Telling Stories — Obama & The Banality (of Fighting) Evil


Politically, maybe it’s true and there’s nothing the Unites States can do or wants to do in the world today. But the words used by President Obama and his spokespeople to save moral face don’t square with the desperate human need these words are supposed to address. Apparently, it can “seem” like there’s a lot of evil in the world, that words show determination to use force, and that instead of using American power, we save lives by telling stories.

Having already accepted a Nobel Peace Prize before not doing anything to advance peace, now President Obama has received an award from the University of Southern California’s Shoah Foundation.

You can read it here at the NYT:

It was an unusual confession for a president, and Mr. Obama made it at an event where he was receiving an award, presented by the director Steven Spielberg, for his efforts in fighting genocide around the world.

The use of American power — as some in Washington have insisted is called for in Nigeria and Syria — is not enough, and it is not the only option, Mr. Obama said. Instead, he said, “by keeping memories alive, by telling stories, by hearing those stories, we can do our part” to save lives.

“I think drop by drop by drop that we can erode and wear down these forces that are so destructive, that we can tell a different story,” the president said. The dinner was held… 


In a briefing with reporters in Los Angeles, Josh Earnest, the deputy White House press secretary, said the president’s words had shown his determination to use American power “as a force for good in the world.”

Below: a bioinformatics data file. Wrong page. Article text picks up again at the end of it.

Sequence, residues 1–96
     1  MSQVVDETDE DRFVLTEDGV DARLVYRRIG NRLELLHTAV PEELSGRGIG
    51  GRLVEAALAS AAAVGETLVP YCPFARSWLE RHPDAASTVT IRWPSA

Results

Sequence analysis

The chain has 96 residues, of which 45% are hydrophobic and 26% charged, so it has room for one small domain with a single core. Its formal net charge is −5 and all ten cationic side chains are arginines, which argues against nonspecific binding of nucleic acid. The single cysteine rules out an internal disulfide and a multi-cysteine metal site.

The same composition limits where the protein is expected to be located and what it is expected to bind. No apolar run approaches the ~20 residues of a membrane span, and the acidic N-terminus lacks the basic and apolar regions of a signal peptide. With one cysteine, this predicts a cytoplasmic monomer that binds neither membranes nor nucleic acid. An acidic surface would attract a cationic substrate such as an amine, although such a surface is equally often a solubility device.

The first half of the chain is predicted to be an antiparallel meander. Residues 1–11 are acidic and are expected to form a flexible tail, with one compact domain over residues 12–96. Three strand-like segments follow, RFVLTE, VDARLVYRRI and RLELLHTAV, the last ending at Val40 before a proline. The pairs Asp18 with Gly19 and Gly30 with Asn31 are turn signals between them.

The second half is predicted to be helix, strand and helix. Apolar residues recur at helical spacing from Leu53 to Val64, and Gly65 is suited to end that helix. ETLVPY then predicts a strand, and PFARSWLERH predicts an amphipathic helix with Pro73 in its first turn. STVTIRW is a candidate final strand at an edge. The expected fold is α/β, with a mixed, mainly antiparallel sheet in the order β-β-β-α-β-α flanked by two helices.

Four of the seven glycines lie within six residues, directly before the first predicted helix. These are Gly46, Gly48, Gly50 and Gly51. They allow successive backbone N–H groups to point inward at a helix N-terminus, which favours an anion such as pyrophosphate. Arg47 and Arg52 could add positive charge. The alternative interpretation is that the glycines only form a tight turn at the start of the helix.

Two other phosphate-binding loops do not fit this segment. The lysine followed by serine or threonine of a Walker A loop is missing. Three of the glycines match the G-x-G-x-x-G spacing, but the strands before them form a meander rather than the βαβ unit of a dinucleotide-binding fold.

“I think the point that he is trying to make is that at times it can seem like there’s a lot of evil in the world, that there are a lot of bad things happening,” Mr. Earnest said, “and that every morning you’re waking up and there’s a new thing that’s coming across the television screen that seems shocking in a modern 21st-century world.”

Mr. Earnest said that did not mean that the United States should use military force in every global crisis.

“But what we can do is look for the ways that we can leverage the resources and expertise and experience that we have in this country to benefit the Nigerian government to track those girls down,” he said. “And just because he didn’t wake up the next morning and read in the newspapers that those girls have been found, it doesn’t mean that we should stop or give up.”

About zjb

Zachary Braiterman is Professor of Religion in the Department of Religion at Syracuse University. His specialization is modern Jewish thought and philosophical aesthetics.
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